“If procurement teams continue to manage the pitch process from A-Z with minimal input from their marketing/communications colleagues, my fear is that we run the risk of commoditising our industry, and business will just end up being awarded to the cheapest supplier with no importance placed on value or creativity.”
According to the Global Communications Report, future growth in the PR industry will be driven by content creation, social media and brand reputation, with measurement and evaluation not far behind. In all likelihood this will require the majority of agencies to restructure (if they haven’t already), with greater levels of integration and collaboration between marketing disciplines also taking place, says AlKadhi. “For professionals within the industry, our future will be more demanding, dynamic, entrepreneurial and exciting,” he says.
“Changing media trends and channels present a dynamic business opportunity for both client and agency, with growth expected to be driven by the creation and distribution of content across multiple channels,” says Hasbani. “The other interesting trend is decreasing emphasis on earned media, which is shifting to owned, shared and paid. Agencies will need to get better at delivering creative integrated campaigns, which will include the leveraging of paid media across multiple platforms, including mobile, which is expected to drive plenty of conversation and investment.”
Interestingly, of course, this is all taking place in a time of global disbelief. From surprise election and referendum results in Europe and the US, to an evolving social-political climate in the region, PR is arguably in more demand than ever before. Throw in ‘fake news’ and a ‘post-truth’ world and the need for reputation management becomes clearer.
“The challenge before our profession is larger than ever before,” admits AlKadhi. “In a world where brands and individuals alike can be badly damaged by ‘fake news’ delivered in lightning speed in a sophisticated manner over multiple digital platforms, it is incumbent upon us to protect our clients by being constantly faster, smarter and more effective than those seeking to do them harm, even as we simultaneously work to advance their message.”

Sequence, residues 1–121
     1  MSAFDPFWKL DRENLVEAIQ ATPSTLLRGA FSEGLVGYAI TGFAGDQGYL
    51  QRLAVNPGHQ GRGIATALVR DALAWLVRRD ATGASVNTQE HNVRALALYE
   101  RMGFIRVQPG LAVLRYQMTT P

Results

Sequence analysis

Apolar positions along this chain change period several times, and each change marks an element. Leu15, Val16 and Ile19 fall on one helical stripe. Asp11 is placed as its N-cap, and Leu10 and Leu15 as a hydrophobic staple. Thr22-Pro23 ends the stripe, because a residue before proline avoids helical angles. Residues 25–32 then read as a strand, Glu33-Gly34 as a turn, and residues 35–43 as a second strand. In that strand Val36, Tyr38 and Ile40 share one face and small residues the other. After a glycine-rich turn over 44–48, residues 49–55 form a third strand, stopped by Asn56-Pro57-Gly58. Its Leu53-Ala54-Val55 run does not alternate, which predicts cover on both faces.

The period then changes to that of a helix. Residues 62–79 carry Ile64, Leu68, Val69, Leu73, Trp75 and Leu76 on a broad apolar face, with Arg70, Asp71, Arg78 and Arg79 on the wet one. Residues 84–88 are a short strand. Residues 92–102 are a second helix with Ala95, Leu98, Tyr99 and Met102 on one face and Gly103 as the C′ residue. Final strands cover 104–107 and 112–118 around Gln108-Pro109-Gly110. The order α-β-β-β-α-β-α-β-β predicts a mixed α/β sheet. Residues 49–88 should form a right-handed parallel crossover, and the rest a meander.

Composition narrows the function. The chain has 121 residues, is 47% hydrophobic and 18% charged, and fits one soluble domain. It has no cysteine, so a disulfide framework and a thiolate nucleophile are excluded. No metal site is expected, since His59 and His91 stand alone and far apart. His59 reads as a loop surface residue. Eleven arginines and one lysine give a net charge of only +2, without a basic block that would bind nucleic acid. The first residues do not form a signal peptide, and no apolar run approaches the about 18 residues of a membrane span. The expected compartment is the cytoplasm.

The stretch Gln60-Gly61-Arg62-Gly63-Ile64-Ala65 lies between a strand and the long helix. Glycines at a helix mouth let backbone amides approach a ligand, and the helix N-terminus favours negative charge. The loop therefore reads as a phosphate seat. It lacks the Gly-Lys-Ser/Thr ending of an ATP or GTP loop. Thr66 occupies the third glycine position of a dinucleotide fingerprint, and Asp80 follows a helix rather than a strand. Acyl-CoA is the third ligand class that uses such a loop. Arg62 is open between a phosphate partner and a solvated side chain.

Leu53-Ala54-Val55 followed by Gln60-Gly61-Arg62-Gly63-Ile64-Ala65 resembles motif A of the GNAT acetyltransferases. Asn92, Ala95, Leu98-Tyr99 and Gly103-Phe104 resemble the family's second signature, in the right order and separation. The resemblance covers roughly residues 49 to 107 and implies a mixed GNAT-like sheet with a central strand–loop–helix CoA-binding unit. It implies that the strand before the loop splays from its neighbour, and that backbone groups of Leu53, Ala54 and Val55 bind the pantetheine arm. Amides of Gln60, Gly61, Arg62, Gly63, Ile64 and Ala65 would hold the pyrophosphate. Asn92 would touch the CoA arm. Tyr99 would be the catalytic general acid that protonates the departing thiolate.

“The advances in technology have simply made it even more imperative for brands to be ready to communicate and engage with stakeholders in real-time,” adds Hasbani. “You still see a lot of brands communicating in very traditional ways and not adapting to the new realities of engagement, which are speed and openness. The brands who will be successful are the ones that are quick to capitalise on trends and online conversations by associating their brand with trending topics or causes in a very organic way.
“Communications professionals have long helped organisations manage their reputations with a strong focus on integrity and core ethical values, whether it be through what they say or what they do. This is ever more important in today’s ‘post-truth’ world where rumours and hoaxes are more prevalent and fake news continues to spread. We must always maintain our responsibility to uphold the highest standards of integrity and accuracy in our partnerships with clients.”